The furry raccoon decided that our van was a safe looking place and I spent several minutes trying to coax it out from underneath. This failed and it decided to seek better shelter from the engine compartment. So once again the raccoon was stuck in a metal can.

It stayed in our van until we had to leave for church. I opened up the hood and there it was staring at me from on top of the battery! It refused to leap out, and I couldn't succeed in prying it out with the stick I had, so it got a free ride to church this morning (a 30 minute drive). Once there I opened up the hood and as far as I know it hopped out during worship.

Saturday, June 19, 2004

Here's Eli enjoying an easy homemade game.

It's called "Double-Ball" and I'm told it's about 800 years old. It's an early Native American form of Lacrosse. All you need is a smooth stick, 2 tennis balls, and a sock. Tie the balls in the sock so that there's a knot in the middle. You use the stick to pass and catch the double-ball.

Besides being fun for a young child to make, it's also pretty easy to throw and catch over long distances. Young boys who aren't quite ready to catch a touchdown pass or an over-the-shoulder pop-fly, can enjoy snagging a long bomb from their dad's stick.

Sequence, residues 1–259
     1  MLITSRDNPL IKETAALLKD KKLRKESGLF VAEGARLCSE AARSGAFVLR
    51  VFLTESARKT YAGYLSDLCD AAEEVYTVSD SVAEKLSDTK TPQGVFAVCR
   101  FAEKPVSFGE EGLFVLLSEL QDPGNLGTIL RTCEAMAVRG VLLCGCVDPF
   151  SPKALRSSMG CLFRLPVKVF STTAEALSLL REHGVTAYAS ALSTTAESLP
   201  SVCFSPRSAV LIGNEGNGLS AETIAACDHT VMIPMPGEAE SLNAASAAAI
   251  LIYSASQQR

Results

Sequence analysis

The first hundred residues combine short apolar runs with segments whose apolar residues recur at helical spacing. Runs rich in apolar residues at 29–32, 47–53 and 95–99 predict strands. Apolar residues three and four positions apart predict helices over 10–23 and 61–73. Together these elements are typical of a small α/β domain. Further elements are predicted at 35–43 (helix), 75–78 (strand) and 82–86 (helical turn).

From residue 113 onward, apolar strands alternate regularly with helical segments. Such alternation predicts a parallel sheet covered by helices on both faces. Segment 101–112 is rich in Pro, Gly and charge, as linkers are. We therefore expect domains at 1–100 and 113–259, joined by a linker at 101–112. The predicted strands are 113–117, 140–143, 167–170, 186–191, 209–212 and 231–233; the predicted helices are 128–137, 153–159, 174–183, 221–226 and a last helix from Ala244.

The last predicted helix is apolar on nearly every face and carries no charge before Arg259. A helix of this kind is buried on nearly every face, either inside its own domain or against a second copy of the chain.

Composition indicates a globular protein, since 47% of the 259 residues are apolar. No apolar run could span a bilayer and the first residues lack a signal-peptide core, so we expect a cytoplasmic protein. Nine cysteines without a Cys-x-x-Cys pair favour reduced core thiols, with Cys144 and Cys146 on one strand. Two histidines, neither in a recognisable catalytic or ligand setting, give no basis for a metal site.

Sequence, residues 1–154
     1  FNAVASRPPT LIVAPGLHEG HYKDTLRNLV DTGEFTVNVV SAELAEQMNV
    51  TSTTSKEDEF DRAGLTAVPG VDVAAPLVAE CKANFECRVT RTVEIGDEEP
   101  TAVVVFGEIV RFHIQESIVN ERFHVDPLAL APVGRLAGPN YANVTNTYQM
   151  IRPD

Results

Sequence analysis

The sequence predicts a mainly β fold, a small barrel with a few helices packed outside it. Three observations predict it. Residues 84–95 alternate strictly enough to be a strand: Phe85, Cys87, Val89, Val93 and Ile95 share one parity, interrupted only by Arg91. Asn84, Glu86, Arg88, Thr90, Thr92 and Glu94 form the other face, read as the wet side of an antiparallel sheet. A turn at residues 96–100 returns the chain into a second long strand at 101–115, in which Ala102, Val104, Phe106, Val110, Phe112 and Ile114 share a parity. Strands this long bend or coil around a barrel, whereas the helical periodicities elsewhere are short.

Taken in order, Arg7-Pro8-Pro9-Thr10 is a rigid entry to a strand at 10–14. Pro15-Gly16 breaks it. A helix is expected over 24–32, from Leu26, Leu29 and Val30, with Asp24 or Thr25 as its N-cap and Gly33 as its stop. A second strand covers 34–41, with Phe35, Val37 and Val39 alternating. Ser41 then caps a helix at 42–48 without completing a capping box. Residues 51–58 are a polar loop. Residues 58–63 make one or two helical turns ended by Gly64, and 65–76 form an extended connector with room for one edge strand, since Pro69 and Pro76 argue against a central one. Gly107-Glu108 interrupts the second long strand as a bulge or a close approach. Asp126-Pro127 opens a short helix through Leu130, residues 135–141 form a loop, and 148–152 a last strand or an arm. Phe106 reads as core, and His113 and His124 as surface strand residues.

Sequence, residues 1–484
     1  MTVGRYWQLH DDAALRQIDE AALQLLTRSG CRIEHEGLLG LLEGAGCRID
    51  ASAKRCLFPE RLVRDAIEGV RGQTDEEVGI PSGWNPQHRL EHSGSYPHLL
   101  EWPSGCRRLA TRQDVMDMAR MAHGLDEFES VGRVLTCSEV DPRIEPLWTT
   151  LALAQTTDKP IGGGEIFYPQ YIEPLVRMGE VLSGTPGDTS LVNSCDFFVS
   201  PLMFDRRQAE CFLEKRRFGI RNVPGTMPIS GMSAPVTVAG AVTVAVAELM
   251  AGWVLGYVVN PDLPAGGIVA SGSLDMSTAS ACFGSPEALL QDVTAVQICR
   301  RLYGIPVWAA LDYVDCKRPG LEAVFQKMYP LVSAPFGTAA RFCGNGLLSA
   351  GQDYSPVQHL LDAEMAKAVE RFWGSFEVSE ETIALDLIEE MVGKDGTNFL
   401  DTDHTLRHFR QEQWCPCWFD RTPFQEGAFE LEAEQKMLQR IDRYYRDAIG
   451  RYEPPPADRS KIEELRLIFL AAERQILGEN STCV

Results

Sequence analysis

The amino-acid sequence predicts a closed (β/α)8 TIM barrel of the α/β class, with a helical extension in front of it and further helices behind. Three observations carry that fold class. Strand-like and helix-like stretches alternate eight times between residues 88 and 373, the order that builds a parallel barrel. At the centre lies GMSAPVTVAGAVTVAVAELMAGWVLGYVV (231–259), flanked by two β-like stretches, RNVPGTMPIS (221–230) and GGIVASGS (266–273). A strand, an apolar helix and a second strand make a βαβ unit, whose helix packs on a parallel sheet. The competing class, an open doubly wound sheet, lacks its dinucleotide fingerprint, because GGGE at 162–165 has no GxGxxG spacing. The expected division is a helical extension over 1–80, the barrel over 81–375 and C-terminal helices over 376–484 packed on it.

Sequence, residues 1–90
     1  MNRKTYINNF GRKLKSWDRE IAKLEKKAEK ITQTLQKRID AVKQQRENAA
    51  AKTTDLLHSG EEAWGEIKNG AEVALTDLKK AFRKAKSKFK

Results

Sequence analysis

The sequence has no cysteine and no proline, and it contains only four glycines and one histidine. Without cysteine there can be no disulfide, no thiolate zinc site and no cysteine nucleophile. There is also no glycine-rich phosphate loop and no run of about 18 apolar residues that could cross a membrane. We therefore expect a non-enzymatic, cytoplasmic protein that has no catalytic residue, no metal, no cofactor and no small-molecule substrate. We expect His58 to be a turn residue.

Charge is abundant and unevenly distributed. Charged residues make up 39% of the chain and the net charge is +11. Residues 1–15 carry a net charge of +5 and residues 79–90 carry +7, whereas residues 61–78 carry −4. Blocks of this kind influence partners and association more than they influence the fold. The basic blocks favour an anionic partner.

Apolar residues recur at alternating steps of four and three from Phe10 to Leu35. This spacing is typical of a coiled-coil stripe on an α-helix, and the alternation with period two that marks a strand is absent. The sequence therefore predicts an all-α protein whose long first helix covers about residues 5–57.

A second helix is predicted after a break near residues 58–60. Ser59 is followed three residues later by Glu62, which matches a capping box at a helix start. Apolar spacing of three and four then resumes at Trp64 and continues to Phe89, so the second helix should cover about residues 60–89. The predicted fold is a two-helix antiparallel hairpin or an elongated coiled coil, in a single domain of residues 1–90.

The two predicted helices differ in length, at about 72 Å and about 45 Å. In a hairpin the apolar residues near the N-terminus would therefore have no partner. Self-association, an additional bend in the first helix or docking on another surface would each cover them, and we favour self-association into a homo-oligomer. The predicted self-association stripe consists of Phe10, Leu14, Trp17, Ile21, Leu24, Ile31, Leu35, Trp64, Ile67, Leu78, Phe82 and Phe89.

Becoming Uriah Heep

The hypocritically humble Uriah Heep from Charles Dicken's own favorite, David Copperfield , had good reason to at least feel humble. After all, compared to those around him, his conditions were quite humble.

I can relate to Uriah Heep. Everyone else seems either better off or more gifted than me. Wallowing in the mire of self-deprecation, I can start hating more than just my shortcomings. Of course it starts with hating myself, forgetting that "by the grace of God I am what I am and His grace toward me was not in vain". But with that comes ill feelings towards my classmates, who are ahead of me only because they had better college math teachers than I did. This spills over into anger towards my family for not understanding my needs, my teachers for their inability to teach at my level, and on and on.